On the Twelfth and Last Day of Four, we all contemplate transitions
Curious Girl burst into tears at bedtime, as she tried to sleep. "I'm afraid to be five! I want to be four forever!" When I rubbed her back and asked what she was worried about, she sobbed, "I don't want to talk about it." I held her close and asked if I could guess some things and she nodded. This is always a tricky move, as it has the potential to suggest new worries, but she agreed that she might, just might, be worried because five year olds have to do different things, and she doesn't know what they are. Homework, she volunteered, is a worry. Five year olds have to do homework, she thought. "Not at Posh Progressive School," I reassured her. She decided she might need to consult one of the kindergarten teachers on this point. I told her she can always ask me, or Politica, or her teachers, if she wonders what she should be doing. I told her that she'd simply be five, so whatever she did, however she felt, that is what five should be. She cried some more. "Friend At School is going to be 5, too, and she is taller than I am. Everyone is taller than me."
"You're so full of feelings tonight," I told her. "I love you, always, whatever kind of feelings you have inside." She asked me for another sleepy song, and eventually fell asleep. She kept turning her head and saying, "I love you." Once I said, "I love you too," and she raised her head and said "I was saying 'I love you' to myself." Whatever.....hold on to that self-love, I thought. Now there's a birthday wish for her.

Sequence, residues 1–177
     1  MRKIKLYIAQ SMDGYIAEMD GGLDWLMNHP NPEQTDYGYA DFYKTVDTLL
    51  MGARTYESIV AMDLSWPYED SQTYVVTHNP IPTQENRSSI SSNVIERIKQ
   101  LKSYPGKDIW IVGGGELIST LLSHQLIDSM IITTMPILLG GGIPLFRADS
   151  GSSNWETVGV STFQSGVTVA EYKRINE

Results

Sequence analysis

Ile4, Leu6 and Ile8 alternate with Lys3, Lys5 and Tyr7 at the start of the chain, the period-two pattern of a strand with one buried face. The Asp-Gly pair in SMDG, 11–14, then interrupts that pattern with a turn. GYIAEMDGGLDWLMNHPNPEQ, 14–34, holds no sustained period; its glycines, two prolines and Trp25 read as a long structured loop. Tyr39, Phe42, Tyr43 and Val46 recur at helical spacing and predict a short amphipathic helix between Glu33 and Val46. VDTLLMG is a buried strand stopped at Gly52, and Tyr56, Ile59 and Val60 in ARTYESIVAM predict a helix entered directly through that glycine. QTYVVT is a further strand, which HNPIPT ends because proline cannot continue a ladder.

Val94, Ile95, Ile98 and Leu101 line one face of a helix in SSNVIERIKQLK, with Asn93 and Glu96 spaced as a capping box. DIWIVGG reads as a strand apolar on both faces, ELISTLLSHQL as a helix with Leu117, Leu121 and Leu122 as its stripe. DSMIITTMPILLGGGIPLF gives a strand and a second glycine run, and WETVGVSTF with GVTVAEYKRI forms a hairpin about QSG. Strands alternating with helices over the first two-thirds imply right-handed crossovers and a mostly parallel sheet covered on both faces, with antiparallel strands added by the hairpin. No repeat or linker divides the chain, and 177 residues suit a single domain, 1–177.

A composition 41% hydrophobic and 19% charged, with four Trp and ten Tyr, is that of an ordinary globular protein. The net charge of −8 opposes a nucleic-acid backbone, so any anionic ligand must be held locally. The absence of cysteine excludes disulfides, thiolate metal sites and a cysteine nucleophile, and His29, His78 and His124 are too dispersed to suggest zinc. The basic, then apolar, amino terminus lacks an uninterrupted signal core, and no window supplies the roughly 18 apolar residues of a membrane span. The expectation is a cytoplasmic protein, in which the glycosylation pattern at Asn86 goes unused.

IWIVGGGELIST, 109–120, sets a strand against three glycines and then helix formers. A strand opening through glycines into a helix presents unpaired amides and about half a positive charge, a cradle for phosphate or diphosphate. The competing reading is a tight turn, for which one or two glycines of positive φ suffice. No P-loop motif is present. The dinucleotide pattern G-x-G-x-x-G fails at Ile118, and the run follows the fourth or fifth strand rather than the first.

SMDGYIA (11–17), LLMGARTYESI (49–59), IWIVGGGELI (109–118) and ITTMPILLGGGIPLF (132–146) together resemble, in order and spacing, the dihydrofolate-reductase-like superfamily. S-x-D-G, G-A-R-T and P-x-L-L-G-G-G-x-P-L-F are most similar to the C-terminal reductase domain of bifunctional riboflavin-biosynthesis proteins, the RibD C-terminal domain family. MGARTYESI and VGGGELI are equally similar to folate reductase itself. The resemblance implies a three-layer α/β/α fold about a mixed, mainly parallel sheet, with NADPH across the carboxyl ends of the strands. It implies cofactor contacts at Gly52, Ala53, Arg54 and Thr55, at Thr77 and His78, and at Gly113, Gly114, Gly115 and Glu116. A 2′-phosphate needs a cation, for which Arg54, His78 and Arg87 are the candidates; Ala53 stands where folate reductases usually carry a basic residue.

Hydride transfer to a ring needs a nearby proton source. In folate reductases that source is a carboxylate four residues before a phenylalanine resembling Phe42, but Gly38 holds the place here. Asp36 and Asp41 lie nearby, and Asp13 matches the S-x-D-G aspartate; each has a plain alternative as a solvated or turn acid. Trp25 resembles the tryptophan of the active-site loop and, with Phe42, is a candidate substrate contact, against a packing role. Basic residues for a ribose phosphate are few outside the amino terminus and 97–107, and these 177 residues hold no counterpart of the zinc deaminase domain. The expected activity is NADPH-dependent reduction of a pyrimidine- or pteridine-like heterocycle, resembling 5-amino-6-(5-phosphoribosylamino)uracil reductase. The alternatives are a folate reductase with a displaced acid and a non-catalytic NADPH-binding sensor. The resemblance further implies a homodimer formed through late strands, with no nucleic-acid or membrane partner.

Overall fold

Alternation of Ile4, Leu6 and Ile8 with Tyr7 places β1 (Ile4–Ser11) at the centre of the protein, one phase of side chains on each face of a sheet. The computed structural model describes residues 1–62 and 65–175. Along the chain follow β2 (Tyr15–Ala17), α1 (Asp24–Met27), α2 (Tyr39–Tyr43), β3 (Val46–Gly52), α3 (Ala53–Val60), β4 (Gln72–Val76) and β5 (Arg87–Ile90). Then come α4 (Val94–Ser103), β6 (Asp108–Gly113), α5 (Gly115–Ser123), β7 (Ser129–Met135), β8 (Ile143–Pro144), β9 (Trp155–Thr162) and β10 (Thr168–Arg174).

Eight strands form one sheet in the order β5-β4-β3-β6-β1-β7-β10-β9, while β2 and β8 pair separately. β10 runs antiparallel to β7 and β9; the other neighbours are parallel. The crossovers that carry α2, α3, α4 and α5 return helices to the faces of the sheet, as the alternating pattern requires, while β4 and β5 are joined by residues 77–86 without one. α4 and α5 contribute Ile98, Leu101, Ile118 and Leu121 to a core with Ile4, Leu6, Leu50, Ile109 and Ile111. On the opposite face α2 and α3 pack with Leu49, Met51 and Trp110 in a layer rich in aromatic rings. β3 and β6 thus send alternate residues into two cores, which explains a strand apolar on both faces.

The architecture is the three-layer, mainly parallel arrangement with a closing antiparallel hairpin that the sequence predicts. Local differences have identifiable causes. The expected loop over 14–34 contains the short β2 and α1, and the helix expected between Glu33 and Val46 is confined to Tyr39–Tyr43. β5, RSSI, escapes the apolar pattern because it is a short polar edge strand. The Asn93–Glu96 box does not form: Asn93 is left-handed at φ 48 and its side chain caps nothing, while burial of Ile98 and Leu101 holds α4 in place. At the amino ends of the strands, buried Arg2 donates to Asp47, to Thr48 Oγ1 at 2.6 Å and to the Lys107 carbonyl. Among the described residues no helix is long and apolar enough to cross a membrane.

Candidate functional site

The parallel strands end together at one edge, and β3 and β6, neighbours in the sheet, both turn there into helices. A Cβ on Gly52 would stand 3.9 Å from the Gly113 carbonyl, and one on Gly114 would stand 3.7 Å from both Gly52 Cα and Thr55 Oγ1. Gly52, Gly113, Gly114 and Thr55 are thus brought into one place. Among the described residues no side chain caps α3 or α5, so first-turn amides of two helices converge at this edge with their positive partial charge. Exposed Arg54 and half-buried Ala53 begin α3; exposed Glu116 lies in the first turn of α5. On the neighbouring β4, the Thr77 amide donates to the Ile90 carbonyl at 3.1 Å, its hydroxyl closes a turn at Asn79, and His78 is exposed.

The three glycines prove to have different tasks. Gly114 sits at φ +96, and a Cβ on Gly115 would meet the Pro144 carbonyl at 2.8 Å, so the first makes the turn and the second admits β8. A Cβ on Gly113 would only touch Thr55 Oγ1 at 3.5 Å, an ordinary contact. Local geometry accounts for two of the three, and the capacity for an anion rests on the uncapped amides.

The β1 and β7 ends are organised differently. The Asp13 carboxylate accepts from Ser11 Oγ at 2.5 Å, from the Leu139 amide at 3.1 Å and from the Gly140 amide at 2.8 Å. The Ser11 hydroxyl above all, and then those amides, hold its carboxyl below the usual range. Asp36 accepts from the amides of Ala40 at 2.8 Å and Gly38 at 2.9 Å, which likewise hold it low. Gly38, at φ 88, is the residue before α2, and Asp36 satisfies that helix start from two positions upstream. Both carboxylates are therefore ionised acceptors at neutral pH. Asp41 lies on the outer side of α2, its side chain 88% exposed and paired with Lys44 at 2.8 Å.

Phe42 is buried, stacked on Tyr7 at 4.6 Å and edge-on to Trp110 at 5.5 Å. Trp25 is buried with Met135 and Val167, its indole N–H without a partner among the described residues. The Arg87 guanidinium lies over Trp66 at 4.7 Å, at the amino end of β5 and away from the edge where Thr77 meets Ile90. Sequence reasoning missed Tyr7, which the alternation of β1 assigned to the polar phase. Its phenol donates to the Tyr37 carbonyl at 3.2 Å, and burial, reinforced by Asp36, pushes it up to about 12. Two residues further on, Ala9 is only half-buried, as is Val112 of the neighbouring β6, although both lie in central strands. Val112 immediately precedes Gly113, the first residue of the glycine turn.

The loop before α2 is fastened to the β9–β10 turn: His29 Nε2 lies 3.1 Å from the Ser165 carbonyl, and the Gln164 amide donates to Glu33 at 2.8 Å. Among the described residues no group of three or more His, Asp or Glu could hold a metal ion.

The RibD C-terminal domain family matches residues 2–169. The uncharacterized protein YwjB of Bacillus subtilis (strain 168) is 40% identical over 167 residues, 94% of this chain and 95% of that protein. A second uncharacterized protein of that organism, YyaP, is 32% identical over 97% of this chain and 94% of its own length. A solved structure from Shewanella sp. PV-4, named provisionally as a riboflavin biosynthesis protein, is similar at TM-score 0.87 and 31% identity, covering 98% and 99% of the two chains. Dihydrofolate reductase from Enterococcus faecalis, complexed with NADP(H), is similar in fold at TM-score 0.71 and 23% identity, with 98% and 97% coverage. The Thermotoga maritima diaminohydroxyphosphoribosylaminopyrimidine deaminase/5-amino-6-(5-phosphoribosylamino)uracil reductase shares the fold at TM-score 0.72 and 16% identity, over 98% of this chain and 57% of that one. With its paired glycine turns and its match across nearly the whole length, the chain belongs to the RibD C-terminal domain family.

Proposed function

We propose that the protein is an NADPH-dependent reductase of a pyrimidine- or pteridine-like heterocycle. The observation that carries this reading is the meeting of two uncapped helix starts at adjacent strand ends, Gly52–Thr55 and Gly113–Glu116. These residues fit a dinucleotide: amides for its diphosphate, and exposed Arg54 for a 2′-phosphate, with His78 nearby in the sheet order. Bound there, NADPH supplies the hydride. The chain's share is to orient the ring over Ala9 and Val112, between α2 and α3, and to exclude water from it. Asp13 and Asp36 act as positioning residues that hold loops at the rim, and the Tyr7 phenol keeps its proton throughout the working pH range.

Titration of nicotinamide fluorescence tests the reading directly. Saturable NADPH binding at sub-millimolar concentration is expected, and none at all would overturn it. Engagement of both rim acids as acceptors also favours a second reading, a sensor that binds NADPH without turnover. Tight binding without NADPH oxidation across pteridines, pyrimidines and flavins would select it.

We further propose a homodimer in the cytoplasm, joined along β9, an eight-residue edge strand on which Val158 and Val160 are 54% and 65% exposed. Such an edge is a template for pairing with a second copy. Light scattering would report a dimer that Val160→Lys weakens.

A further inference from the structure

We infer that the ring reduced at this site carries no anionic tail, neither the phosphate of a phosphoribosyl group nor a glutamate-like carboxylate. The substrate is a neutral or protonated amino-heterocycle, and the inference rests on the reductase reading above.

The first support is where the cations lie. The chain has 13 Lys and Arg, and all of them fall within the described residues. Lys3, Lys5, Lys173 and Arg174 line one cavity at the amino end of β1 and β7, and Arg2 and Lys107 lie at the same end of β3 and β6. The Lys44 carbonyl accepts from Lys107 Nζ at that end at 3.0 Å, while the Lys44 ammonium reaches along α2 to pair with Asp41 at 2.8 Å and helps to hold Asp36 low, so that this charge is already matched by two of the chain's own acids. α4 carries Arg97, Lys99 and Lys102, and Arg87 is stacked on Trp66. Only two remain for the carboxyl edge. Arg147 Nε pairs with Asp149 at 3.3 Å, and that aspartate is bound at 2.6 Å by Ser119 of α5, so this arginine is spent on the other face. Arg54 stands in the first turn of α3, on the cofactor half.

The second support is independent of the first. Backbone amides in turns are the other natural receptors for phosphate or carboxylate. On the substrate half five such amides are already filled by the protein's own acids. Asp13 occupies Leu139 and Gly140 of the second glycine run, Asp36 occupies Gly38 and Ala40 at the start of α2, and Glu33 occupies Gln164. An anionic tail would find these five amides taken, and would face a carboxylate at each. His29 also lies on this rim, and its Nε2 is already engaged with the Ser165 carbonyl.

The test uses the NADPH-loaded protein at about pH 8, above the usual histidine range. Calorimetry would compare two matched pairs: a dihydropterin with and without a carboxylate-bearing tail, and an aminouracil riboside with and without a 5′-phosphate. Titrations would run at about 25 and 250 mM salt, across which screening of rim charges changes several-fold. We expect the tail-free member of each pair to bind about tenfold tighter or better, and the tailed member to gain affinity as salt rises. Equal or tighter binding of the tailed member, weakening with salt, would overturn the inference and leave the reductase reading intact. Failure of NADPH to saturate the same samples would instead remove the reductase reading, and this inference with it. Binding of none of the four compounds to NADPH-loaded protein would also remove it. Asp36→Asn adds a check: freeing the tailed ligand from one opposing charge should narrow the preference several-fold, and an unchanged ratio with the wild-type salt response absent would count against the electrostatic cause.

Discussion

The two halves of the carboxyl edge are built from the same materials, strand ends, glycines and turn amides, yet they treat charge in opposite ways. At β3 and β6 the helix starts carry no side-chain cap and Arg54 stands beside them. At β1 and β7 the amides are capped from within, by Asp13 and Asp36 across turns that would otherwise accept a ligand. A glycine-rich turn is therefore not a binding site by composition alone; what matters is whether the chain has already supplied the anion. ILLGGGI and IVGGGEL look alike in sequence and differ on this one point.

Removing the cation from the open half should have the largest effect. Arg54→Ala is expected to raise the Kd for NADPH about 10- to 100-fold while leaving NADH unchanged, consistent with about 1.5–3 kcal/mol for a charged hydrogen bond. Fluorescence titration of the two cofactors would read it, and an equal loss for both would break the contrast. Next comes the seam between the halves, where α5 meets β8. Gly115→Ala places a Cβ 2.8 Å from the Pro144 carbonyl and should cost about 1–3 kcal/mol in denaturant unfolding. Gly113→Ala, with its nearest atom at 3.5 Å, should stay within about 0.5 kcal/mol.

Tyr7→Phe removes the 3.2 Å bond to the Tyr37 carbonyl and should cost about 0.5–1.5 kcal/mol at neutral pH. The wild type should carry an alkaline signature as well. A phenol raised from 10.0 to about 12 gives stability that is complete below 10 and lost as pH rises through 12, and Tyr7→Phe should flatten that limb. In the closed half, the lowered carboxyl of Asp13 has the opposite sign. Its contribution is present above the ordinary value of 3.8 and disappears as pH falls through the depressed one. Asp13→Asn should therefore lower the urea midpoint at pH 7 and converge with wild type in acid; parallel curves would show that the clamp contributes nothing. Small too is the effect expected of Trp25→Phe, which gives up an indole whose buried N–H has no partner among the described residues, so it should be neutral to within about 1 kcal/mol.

It was a long evening. We ate dinner too late, and CG spiraled out of control with fatigue. "I was mean to Mommy because I was sleepy," she told me once she was settled in her pjs. ("Good self-awareness," Politica later observed. I guess self-control comes later.)
I have enjoyed writing these fours. Thank you to everyone who's commented! I usually try to follow up on comments when they come in, but this week, I've been writing more posts than comments, and moving onto the next post more than dwelling with the last. But I have been thinking about your comments, and have been so happy to read them. Thanks for sharing these stories with me.
It's exciting, the final four. Curious Girl was worried when I was turning 44, but we survived it, and have, in fact, taken four-fold pleasures in the fourishness of the year. And I shall retain my fondness for four, and the rest of my 44ishness. Age is a genre, of sorts: there is audience, there is expectation, there is context. Five year olds are expected to go to kindergarten, for example. 45 year olds are expected to be well-behaved. These last sets of posts have been my biggest bloggy genre exploration, and they've shown me how genre can be an aid to invention as well as a limiter of form. That's fun. Way more fun than some of the writing I've been doing at work lately, handling student stress at the end of the term, negotiating with job candidates, working out policy issues with colleagues on campus. Lots of problem-solving with not-always-happy people.
One of the many things I love about motherhood is that--frequent meltdowns aside--Curious Girl is a font of happiness. It comes with the territory of four. And so, for this final four, I say: hold onto that four. Find it deep inside, and connect with it when much bigger concerns drag at you. Four is happy. And four is always part of every later number. You still have your four. Just ask Curious Girl.